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Arizona Bankruptcy Lawyers, Chapter 13 Attorneys Mesa AZ
Bankruptcy Lawyers Mesa provides affordable bankruptcy lawyers in Mesa AZ and neighboring towns for chapter 13 filings. Our Mesa Arizona bankruptcy lawyers are debt consolidation professionals that have the necessary skills and experience to provide our clients with structured repayment plans and a pathway to sensible financial solutions. Our AZ bankruptcy attorneys approach each case with the respect, compassion and understanding you deserve while delivering effective solutions to improve your life. Our bankruptcy lawyers in Arizona provide a free, no risk, initial consultation and answer any questions you may have.
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Bankruptcy Lawyers Arizona, Chapter 13 Overview
Chapter 13 Bankruptcy is an interest free debt repayment plan through which you consolidate your debts over a three to five-year period. Creditors cannot collect from you during the term of the plan.
Although you may not eliminate student loans in a Chapter 7 bankruptcy, you can consolidate student loan debts with your other bills in a Chapter 13, and stop a collection action against you. We can stop the collection action and garnishments related to student loan debts.
Debts that are generally consolidated in a Chapter 13 are mortgage arrears, balances on vehicle loans, and student loans. One important thing our attorneys want you to remember about Chapter 13 is that you must be working or have a consistent source of income for your repayment plan to be approved by the court. Not only must you be able to pay for your monthly living expenses, but you must also be able to make a payment to the court, to consolidate your debts.
Foreclosure in Mesa Arizona
Chapter 13 will stop a foreclosure any time prior to a Sheriff’s foreclosure sale, and allow you to repay your mortgage arrears. You will still be obligated to make all future payments directly to the mortgage company, but they may not proceed with the foreclosure. Call Ben, the bankruptcy lawyer Mesa residents have come to trust, today – because once the sheriff sells your home, there is nothing we can do to stop the sale.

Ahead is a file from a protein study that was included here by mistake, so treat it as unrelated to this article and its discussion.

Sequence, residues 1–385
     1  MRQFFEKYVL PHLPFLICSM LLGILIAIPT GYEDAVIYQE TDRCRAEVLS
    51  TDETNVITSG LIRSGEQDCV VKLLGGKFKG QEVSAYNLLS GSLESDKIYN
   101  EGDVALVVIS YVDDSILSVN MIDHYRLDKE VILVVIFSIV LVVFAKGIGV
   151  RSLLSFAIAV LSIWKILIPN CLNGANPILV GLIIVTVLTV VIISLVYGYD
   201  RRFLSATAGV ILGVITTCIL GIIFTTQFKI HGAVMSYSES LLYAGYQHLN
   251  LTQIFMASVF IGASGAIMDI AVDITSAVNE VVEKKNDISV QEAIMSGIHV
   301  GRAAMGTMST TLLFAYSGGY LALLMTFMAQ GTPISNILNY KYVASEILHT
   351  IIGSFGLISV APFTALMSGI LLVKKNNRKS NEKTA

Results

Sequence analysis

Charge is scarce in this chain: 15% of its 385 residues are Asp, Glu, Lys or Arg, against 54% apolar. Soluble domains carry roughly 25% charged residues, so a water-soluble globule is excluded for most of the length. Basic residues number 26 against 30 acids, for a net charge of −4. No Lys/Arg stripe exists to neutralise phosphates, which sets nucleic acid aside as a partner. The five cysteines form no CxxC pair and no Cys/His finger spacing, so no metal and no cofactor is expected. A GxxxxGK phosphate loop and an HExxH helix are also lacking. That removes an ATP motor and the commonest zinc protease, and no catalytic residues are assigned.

Your cosigners get protection too-in fact the same protection that you receive under Chapter 13. Chapter 13 may protect your cosigners from collection activity while you are in your repayment plan.
Our attorneys can use Chapter 13 to stop a finance company from repossessing your vehicle. The past due payments, along with the outstanding balance on the car loan, will be consolidated into the Chapter 13. The finance company cannot repossess your car, and in most cases, you will not have to make a payment directly to the finance company. In some instances, our attorneys can even get your car back if it was recently repossessed.
CHAPTER 13 BANKRUPTCY FAQs
ANSWER: A Chapter 13 is a reorganization of your debts. It will be payable over 3-5 years, depending on your income. The payment amount will be calculated using your debts and income to make sure it is realistic for your budget over the coming years. You may end up repaying all of your debts in the bankruptcy, or just a portion. A Chapter 13 also allows your to catch up on arrearages and offers the possibility of stripping secondary mortgages if you are underwater on your home.